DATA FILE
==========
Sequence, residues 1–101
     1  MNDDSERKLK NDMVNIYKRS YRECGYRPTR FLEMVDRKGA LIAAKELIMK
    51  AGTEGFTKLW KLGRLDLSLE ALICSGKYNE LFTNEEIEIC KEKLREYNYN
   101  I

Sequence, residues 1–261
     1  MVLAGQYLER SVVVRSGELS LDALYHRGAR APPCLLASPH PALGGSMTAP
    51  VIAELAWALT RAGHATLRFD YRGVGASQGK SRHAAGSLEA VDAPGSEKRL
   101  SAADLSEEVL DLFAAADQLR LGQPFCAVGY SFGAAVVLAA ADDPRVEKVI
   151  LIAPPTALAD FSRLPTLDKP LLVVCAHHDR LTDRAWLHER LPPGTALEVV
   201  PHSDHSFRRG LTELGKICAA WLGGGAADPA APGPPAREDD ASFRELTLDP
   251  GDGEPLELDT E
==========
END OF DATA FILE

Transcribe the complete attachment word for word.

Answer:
Sequence, residues 1–101
     1  MNDDSERKLK NDMVNIYKRS YRECGYRPTR FLEMVDRKGA LIAAKELIMK
    51  AGTEGFTKLW KLGRLDLSLE ALICSGKYNE LFTNEEIEIC KEKLREYNYN
   101  I

Sequence, residues 1–261
     1  MVLAGQYLER SVVVRSGELS LDALYHRGAR APPCLLASPH PALGGSMTAP
    51  VIAELAWALT RAGHATLRFD YRGVGASQGK SRHAAGSLEA VDAPGSEKRL
   101  SAADLSEEVL DLFAAADQLR LGQPFCAVGY SFGAAVVLAA ADDPRVEKVI
   151  LIAPPTALAD FSRLPTLDKP LLVVCAHHDR LTDRAWLHER LPPGTALEVV
   201  PHSDHSFRRG LTELGKICAA WLGGGAADPA APGPPAREDD ASFRELTLDP
   251  GDGEPLELDT E